These components don’t need to be separate, unique systems. Depending on their needs, an organization may choose to deploy a single asset responsible for performing the tasks of all three components. Alternatively, an organization may combine several tools and systems to implement a single component.

Another example of zero trust architecture is provided by Microsoft. It’s based on the following tenets:

  • Validating and securing identities with multi-factor authentication (MFA) everywhere
  • Managing devices and validating their health 
  • Establishing robust and standardized auditing, monitoring, and telemetry capabilities
  • Enforcing the least privileged access approach.
Zero trust architecture by Microsoft

Both of these models are based on the core zero trust architecture principles: strong identity verification prior to granting access, ensuring least privileged access to required resources, and continuous monitoring. 

Building zero trust architecture: core pillars 

It’s all about seven tenets.

Any organization that adopts a zero trust architecture needs to determine what approach best suits its unique environment. You need to balance your risk profiles with access methods and define the scope of zero trust implementation in your environment. For the best protection, NIST in its Special Publication (SP) 800-207 [PDF] recommends building a mature zero trust architecture model that rests upon these seven pillars:

7 pillars of zero trust

1. Resources — treat all of your data, computing services, and devices as resources that need to be protected. If network users can access your organization’s resources from personal devices, those devices should also be treated as enterprise resources.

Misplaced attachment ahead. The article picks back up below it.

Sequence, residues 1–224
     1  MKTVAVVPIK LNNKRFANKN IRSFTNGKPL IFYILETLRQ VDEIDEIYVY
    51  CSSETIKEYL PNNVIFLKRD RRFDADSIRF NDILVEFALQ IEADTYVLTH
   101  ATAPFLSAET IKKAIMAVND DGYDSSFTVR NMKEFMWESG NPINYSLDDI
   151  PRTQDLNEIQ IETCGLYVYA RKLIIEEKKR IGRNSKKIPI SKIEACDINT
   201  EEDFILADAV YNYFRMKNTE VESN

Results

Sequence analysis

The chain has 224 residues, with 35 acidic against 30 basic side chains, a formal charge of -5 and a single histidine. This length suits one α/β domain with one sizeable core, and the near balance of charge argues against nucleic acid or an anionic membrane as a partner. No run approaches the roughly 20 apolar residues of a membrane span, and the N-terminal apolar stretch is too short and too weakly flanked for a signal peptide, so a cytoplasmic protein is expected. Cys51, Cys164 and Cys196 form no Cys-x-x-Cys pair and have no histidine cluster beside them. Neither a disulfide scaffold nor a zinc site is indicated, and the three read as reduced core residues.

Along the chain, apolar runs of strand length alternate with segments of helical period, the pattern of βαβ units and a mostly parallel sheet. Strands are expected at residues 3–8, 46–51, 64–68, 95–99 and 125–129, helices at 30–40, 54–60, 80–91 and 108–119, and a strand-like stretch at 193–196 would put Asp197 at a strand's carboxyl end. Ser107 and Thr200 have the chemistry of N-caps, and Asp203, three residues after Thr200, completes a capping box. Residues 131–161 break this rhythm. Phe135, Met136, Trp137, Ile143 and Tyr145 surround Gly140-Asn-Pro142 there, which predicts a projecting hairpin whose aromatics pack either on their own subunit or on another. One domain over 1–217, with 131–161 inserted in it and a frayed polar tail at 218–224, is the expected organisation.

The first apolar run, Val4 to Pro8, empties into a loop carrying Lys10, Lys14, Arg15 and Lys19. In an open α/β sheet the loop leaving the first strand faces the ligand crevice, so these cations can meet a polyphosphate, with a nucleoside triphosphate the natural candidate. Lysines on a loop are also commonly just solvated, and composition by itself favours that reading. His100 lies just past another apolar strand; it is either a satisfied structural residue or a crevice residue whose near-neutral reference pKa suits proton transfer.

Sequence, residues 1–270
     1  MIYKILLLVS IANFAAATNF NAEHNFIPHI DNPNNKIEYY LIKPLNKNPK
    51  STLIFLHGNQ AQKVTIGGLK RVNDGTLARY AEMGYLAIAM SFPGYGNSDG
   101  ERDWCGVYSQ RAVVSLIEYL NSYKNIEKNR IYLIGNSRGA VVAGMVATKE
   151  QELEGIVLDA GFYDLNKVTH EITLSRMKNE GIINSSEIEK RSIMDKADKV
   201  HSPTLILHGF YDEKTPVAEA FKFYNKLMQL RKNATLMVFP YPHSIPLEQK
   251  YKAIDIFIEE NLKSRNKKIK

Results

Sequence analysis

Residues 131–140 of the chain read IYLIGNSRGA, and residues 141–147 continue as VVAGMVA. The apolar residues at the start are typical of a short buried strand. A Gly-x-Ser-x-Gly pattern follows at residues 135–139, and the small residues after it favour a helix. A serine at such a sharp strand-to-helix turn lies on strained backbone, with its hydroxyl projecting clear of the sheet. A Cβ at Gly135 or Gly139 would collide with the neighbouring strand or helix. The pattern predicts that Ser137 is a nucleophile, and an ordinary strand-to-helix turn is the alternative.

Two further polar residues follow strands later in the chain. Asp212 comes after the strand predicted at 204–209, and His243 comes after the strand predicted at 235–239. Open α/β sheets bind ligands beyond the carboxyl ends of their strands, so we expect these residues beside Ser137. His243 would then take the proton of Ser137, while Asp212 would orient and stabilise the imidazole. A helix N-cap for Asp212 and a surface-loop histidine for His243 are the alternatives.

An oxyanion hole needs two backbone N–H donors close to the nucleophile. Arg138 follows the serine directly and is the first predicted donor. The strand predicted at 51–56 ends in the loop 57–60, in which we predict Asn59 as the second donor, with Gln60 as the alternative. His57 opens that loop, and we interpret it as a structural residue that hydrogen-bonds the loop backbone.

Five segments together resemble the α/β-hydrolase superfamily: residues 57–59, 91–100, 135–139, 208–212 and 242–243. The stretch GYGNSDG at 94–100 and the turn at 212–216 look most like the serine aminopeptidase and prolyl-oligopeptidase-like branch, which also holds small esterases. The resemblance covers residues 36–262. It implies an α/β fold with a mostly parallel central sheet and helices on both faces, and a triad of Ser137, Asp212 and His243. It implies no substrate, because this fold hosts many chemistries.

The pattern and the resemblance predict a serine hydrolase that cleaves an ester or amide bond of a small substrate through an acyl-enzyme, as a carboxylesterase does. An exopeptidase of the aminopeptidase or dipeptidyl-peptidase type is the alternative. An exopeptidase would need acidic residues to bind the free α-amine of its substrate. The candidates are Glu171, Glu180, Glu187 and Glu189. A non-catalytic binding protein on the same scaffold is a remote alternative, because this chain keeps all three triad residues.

2. Communication — treat all communication, both within and outside your network, the same and protect it with the most secure method available.

3. Per-session access — establish each connection to your critical resources on a per-session basis only.

4. Dynamic policy — grant access to your resources according to your policy rules and the principle of dynamic least privilege. Such a policy will determine your organization’s resources, users, and access privileges for these users.

5. Monitoring — monitor all corporate resources and all actions taken with them to ensure proper data protection and security.

6. Authentication and authorization — enforce dynamic authentication and authorization before granting access to any of your corporate resources.

7. Continuous improvement — gather information about the current state of your network assets, infrastructure, and connections to improve the security posture of the network.

Note that you don’t necessarily need to apply all of these tenets at once. You can limit your efforts to implementing several principles that fit your needs the most.

“ZT is not a single architecture but a set of guiding principles for workflow, system design and operations that can be used to improve the security posture of any classification or sensitivity level.”

NIST SP 800-207

Furthermore, the zero trust approach to cybersecurity doesn’t demand a complete replacement of a traditional perimeter-based network architecture. Instead, it suggests augmenting the existing network by adding network segments secured with gateways, improving access policies and rules, and enhancing user activity monitoring measures.

Even if you only implement some of these tenets, you can enhance your security to a significant extent. 

Use cases of zero trust

Explore real-life applications of zero trust.

Organizations can benefit from zero trust in different ways depending on their needs. Here are the most common and effective examples of how zero trust can bolster your security posture.

Use cases of zero trust

Reduce the risk of data breaches